"The ancestors of contemporary Kaska were already using guns and steel tools supplied by Tlingit traders whrn Robert Campbell and other white traders arrived."
Yukon Native Language Centre
At the turn of the 19th century, Kaska people maintained extensive trade networks, trading with other inland peoples and with European traders through Tlingit and Tahltan intermediaries. In turn, these intermediaries traded with the Hudson's Bay Company along the Pacific coast and the Russian American Company, as Alaska was. aRussian colony until 1867.
Settlers did not reach this area until the early 19th century. Beginning in the 1820s, the Hudson's Bay Company and other traders established post at several locations in the Dease Lake and Liard River drainage.
The discovery of gold on the Stikine River in 1861, and in the Cassiar area soon afterward, brought prospectors, traders and others into the area. The region's rugged geography and treacherous rivers made access difficult, and trading post struggled to survive. Post opened and closed, some lasted only a year or two. some changed their names, owners and even locations.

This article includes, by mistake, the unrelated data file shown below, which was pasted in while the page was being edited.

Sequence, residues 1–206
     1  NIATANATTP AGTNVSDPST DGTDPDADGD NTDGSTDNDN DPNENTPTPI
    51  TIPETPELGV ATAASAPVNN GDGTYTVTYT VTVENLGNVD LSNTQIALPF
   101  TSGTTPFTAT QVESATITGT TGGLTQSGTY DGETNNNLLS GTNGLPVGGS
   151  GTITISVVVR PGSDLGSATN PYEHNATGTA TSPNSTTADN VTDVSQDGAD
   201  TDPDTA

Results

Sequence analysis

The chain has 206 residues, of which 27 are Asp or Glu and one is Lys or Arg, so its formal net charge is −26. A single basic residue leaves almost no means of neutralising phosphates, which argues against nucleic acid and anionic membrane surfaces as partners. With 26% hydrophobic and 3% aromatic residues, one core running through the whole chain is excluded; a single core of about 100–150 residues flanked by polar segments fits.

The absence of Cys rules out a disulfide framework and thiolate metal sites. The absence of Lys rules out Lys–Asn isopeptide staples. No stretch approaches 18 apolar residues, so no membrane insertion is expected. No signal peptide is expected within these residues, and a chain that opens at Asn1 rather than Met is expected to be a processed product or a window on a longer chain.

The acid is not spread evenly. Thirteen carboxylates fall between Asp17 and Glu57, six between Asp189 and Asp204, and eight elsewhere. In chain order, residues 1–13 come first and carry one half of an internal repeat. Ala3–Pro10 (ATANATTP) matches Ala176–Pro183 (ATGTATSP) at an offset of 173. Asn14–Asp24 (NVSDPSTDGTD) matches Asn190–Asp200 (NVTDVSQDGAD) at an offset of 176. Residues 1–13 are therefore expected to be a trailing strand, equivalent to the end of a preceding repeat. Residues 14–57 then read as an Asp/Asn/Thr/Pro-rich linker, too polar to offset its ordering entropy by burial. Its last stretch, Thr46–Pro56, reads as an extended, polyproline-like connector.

With the arrival of the fur trade, land use patterns changed as the Kaska increased their focus on trapping fur bearing animals. People tended to visit the trading post once a year to meet and share information. the posts led to new social connections with trading partners, but also disrupted longstanding Indigenous trade relationships.
Kaska people traded wherever it was most convenient and where they could get the best prices for their furs. When Fort Halkett was established in 1829 on the Liard River, the Kaska, sekani and Slavey people began to trade their furs there. The Kaska also traded at other post in the area, such as McDame. In the early 20th century, when post were established at Pelly Banks and Ross River, the Kaska travelled north to trade there.
Most post have been closed and abandoned, but Lower Post, established around 1872, remains a community. It earned its name from being situated lower than, or downstream from, McDame Post.